My style is casual and my lifestyle allows me to embrace that. If I worked in a corporate environment or retail, my wardrobe would look a little different.
3. I’m not a fashionista. Obviously. And while I love saying “on fleek”, I’m not really interested in being it.
But if you can forgive me for being a little shallow for a moment, I like looking put together, I like having my own style and I’m always drawn to looks that aren’t about trends. Classic, interesting, quirky? Yes. But fashion magazine trends? Nothankyouverymuch.
I like what I like and I love that trends play very little role in that any more. Most of the clothes pictured are at least 3 years old and I very rarely have a problem wearing the same things over and over. In fact, I like it. I like the non-decisions involved in getting dressed most mornings, I love knowing what suits me and I don’t really care much what others think about it anymore. (Basically, I love being in my 30s.)
For example, my black Chucks are 12+ years old, my denim jacket is a 90s original that I’ve owned since I was 15, the black wool pencil skirt is 6+ years old and the mustard miniskirt is an ebay special from the 1970s. Trendy I am not.
So, how did I get here?
It’s hard to break down a process that took years to gradually work through, and I’d caution against the whole “toss everything and rebuild a wardrobe from scratch” approach, unless you have a significant budget and, frankly, a whole lot of time.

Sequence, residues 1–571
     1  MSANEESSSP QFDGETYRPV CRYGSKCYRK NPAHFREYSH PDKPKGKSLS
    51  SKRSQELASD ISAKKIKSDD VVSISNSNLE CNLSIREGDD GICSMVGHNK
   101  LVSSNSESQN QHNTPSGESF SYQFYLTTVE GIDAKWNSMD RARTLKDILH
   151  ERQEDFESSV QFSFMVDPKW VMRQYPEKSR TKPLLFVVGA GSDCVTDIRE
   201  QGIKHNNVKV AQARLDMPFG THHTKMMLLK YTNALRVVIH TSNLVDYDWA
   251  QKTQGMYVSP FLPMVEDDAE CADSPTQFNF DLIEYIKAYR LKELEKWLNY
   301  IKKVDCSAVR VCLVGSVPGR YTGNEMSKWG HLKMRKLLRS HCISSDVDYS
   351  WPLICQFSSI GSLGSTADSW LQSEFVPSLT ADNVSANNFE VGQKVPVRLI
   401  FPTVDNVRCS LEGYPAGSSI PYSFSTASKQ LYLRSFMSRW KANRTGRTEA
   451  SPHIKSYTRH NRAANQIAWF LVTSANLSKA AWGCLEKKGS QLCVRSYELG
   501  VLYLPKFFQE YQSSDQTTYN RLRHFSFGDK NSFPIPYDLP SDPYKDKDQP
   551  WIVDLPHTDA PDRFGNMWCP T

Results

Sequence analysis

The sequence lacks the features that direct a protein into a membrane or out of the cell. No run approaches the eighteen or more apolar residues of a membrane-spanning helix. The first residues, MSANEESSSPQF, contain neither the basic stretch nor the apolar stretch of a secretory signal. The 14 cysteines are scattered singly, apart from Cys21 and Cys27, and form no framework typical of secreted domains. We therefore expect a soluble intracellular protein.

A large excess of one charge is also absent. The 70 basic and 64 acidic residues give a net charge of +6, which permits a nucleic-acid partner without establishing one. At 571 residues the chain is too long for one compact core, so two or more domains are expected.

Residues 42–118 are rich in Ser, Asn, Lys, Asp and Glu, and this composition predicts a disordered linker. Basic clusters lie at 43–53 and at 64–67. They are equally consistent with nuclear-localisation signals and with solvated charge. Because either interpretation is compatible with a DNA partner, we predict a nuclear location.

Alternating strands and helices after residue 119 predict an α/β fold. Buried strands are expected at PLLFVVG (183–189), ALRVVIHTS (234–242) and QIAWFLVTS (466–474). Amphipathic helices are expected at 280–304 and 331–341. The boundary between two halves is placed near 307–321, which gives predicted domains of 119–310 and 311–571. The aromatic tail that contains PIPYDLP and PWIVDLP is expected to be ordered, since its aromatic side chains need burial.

This might mean living with items you don’t really like, getting clothes repaired a few times to stretch their shelf-life, or living with fewer items than is strictly comfortable until you’re able to replace or replenish. Over the years I’ve done all of those things in order to have a small wardrobe I really dig.
Over the past few years I have gradually been able to:
- Remove items from my wardrobe that no longer fit, are stretched, torn, stained or just make me feel a bit crap. (These are often the items you put on in the morning but change out of before leaving the house because you feel bleurgh while wearing them.)
- Establish my personal style. I’ve always loved good quality jeans paired with tshirts and Chucks, collared shirts with a jumper/sweater, chunky boots and tights, a denim jacket over a dress… These are outfits I wear almost every day because I like them. Taking time to work out what your personal style is can take a while, but a big indicator is to look at what you are consistently drawn to. Pare these looks back to the essentials and start there. A pair of jeans, black pants, a black skirt, button-ups, tshirts – these are the foundation to most styles.
- Find good quality brands for the items I wear most often. Over the years I have discovered which brand of jeans, plain tshirts, hoodies, knit jumpers, sneakers and sandals fit me well and last the test of constant wear, and I go back to these time and time again. Sometimes that means I pay more, but when I wear my jeans 5 days a week I don’t mind paying extra. PLUS, knowing the brand, the size, the fit of these basics means I can shop online (when I need something) and find what I’m after either on sale or, my personal favourite, second-hand.
- Learn how to mix and match for maximum effect. Every item I own can be worn in multiple outfits, and that’s by design. I’ve gradually removed everything that doesn’t fit easily with my other items and now, for example, I can make a grey tshirt work for 95% of occasions by pairing it with: